Co-creator of “Swarm” in the episode Malia Obama
The former First Lady already makes her influence felt in her first TV writing job.
In a simpler time before the “Nepo Baby” discourse began, Donald Glover and Janine Nabers made headlines in 2022 when they hired former First Daughter Malia Obama as a writer for the FX series “Swarm.” It seemed like a natural fit, given that the show dealt with the experiences of people who rose to fame at a young age, something Obama was forced to learn about, whether he liked it or not. The pass has been interesting from the moment it was announced and we are now starting to see the results.
Television is an inherently collaborative medium, and it’s always difficult to gauge the impact an individual writer can have on a show. But the experiment seems to be working pretty well so far. In a new interview with him Fun tonightNabers said the writing staff is thrilled with Obama’s impact so far.
“Some of his pitches were wild as hell and so good and funny,” Nabers said of Obama. “She is an incredible writer. He brought a lot to the table. He is very, very dedicated to his craft.”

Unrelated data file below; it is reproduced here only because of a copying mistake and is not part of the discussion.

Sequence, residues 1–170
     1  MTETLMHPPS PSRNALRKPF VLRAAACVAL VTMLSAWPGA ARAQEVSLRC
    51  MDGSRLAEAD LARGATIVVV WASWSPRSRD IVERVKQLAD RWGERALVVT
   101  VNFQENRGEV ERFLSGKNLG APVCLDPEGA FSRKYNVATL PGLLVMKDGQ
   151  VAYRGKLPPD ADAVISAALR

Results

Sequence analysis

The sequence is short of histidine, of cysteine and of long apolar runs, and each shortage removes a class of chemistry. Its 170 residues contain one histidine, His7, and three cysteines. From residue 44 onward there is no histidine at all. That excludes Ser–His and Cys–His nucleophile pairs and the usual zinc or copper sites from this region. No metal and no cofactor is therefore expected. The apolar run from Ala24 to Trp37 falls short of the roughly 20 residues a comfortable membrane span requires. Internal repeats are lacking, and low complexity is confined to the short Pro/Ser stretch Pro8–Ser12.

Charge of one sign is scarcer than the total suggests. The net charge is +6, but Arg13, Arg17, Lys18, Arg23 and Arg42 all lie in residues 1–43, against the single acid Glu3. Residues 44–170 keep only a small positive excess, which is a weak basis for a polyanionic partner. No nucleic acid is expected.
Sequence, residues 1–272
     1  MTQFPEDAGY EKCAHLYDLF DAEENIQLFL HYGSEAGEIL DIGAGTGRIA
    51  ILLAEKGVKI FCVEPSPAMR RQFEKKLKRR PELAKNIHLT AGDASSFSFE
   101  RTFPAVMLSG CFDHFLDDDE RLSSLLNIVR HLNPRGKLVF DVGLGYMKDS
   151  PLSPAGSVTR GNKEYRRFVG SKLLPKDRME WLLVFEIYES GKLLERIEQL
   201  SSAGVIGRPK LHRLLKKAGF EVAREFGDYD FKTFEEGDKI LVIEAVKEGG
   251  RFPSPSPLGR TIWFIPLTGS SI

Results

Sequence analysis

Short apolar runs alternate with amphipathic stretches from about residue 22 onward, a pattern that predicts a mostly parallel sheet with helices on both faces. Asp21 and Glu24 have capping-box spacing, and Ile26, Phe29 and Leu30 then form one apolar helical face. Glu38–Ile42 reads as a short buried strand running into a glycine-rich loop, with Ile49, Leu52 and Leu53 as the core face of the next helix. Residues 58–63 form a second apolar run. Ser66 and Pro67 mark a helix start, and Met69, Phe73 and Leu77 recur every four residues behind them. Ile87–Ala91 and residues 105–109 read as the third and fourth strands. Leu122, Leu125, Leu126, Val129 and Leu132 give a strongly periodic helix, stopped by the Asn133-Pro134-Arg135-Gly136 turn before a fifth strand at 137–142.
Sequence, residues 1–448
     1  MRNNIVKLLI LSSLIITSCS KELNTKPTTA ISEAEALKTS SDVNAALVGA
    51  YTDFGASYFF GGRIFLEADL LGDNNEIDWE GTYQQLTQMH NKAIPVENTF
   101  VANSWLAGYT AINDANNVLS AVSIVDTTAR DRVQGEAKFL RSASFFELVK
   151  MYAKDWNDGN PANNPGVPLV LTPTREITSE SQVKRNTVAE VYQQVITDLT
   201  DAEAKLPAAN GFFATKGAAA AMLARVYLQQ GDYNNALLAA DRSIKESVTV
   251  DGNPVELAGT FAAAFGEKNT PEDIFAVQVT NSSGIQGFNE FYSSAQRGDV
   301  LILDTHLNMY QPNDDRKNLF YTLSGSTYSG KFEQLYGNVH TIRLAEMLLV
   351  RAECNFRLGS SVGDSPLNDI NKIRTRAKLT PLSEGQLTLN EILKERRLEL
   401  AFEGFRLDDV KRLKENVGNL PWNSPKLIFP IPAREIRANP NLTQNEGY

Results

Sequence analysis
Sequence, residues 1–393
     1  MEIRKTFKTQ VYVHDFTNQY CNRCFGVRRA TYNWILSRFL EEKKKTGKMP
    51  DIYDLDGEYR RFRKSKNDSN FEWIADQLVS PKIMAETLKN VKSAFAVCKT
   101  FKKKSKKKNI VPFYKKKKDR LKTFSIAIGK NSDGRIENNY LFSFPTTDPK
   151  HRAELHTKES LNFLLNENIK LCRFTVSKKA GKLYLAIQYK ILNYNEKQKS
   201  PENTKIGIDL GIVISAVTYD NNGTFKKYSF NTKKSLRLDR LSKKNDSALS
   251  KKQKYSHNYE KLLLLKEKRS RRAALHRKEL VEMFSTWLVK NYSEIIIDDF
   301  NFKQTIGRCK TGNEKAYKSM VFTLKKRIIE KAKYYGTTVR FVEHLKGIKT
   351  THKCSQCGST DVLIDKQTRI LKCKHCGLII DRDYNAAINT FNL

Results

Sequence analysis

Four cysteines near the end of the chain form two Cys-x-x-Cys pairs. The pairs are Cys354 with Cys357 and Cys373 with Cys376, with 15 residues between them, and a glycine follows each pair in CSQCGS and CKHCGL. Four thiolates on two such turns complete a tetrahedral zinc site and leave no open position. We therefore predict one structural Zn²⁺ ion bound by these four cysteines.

Nabers added that Obama is credited with writing the episode “Girl, Bye,” which could end up being one of the most unique episodes of Season 1.
“(‘Girl, Bye’) is probably one of the wildest episodes,” Nabers said. “I think it will surprise a lot of people. It’s pretty rough. I am very proud of you.”
Since its debut at SXSW, “Swarm” has been hailed by critics as a unique exploration of the increasingly toxic nature of online fandom in 2023.
“Created by Atlanta veterans Donald Glover and Janine Nabers, the horror satire centers on Dre (Dominque Fishback), a fan of international pop superstar Ni’Jah. Dre spends his days “protecting” the artist on social media and his nights listening to Ni’jah’s music, dancing to Ni’Jah’s music, or otherwise letting Ni’Jah’s music distract him from life’s difficulties. Dre’s fandom defines him because he wants it to define him; not interested in healthy debate or exploring other avenues. Much like religious students or anyone who went to Harvard, Dre’s sense of self is defined by one thing,” IndieWire’s Ben Travers wrote in his review of the show. “Glover and Nabers’ series never excuses Dre’s actions, but refuses to put them in a neat little box. Dre never becomes a serial killer so detached from reality that it’s easy to write it off as complete fiction, even as the show pushes back on using simple “sob stories” to explain how people become “monsters.” (No trauma porn here!)
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